In 1960, without any formal training, a young woman from England walked onto the shores of Lake Tanganyika and into the forests of Tanzania. She had dreamed of living a life like Dr. Doolittle and Tarzan since she was a little girl and now, at the age of 26, Dr. Jane Goodall was venturing into the Gombe Stream National Park in East Africa where she would observe and study the behavior of chimpanzees.Over the next few years Dr. Goodall would learn that chimpanzees shared many of the same emotional and intellectual traits that humans had, but until that point had been overlooked. She realized that if she was going to really help protect these animals and their environment she needed to share her research and help spread global awareness. After just five years of working in Tanzania, she established the Gombe Stream Research Center, a training ground for researchers and students to study primates in their own natural habitat. In 1977 she founded the Jane Goodall Institute, which was built to inspire humans everywhere to care for their environment and respect all living creatures. But beyond that, she made it her mission to travel the world and speak to the public and government officials about protecting our environment.
Today, Dr. Jane Goodall travels close to 300 days a year and is still spreading environmental awareness across the globe. On Saturday, March 21st Dr. Goodall will join EF’s 2015 Costa Rica Global Student Leaders Summit as the keynote speaker. The two day leadership conference will bring students from around the world together to tackle today’s most significant environmental issues. She will share how her work has shaped her global views, goals and insights with hundreds of students from across the US and Costa Rica. To better understand who Dr. Jane Goodall is and the magnitude of her work, we’ve curated a video playlist that highlights her achievements and illustrates some of the ways she has reshaped and advocated in favor of environmental science.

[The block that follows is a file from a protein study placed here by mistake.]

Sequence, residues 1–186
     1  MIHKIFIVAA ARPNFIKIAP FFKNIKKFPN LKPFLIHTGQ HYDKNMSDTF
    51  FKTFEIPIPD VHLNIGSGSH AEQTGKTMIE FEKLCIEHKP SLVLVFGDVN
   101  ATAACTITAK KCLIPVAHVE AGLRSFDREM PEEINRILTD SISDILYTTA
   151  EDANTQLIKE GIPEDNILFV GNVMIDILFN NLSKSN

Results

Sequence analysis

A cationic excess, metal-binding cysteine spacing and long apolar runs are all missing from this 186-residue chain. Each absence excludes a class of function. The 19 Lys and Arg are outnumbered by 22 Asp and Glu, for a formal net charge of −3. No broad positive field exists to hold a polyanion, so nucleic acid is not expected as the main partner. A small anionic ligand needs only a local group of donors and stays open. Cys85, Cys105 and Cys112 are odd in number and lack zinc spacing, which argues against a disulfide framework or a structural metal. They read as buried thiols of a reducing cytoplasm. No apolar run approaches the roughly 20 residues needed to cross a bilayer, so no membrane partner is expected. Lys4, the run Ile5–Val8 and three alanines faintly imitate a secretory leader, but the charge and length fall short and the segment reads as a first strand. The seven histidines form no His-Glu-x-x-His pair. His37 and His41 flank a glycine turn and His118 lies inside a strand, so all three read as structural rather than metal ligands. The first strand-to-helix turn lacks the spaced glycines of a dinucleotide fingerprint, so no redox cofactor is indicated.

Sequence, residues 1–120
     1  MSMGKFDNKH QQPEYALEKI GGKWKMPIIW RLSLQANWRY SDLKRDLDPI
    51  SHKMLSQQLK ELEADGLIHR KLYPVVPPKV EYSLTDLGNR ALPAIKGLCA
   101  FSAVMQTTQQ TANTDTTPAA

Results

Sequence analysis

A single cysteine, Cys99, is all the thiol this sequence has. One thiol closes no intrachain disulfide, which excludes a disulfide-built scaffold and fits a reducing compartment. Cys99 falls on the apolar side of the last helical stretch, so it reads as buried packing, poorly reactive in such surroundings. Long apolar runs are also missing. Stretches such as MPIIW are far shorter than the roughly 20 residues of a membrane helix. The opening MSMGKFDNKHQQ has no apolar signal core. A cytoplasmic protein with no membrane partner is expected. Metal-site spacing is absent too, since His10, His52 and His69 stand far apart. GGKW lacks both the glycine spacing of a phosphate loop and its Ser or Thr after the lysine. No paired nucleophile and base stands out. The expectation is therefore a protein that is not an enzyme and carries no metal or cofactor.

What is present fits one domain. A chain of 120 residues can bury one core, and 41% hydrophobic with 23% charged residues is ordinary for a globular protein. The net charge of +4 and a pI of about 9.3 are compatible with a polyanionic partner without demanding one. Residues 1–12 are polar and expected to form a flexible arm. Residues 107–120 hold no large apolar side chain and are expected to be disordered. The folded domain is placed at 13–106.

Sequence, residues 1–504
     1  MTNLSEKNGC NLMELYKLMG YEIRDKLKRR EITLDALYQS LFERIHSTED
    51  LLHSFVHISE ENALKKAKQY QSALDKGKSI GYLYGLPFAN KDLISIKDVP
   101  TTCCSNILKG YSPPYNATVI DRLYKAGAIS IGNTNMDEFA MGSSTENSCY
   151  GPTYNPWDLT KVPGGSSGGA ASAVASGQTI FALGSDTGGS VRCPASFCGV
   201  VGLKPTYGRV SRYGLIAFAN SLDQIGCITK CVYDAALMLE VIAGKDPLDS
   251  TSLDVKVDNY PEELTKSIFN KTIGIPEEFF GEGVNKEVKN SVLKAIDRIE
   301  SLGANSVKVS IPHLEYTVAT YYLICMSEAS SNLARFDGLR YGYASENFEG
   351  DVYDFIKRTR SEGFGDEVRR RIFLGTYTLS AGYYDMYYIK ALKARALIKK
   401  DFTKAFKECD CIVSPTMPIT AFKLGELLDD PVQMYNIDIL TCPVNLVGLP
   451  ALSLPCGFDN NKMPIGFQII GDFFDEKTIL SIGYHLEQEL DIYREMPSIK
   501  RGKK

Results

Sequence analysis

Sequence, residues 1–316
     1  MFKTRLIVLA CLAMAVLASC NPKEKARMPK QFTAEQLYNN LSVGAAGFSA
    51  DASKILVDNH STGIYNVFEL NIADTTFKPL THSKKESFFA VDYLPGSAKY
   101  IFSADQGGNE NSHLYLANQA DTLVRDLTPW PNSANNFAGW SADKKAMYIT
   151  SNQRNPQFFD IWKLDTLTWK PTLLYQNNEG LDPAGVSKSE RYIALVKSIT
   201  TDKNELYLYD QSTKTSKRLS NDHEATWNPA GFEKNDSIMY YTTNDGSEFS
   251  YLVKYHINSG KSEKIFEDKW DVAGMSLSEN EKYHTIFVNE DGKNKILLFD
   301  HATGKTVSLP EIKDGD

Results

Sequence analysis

Jane: A Snapshot by the Jane Goodall Institute
Jane Goodall: A Retrospective by National Geographic
Walk in the footsteps of Jane Goodall by Google Maps
GLOBAL STUDENT LEADERS SUMMITS
These extraordinary events combine educational tours and a two–day leadership conference, tackling significant global issues in places where they come to life. You and your students learn from experts such as Al Gore, Jane Goodall and Sir Ken Robinson, and U.S. and local students work together to design and present their own solutions to the issue. Each Summit empowers your students today to start becoming the leaders of tomorrow. Upcoming Summits will tackle the Future of Energy in Iceland, and Human Rights in Europe.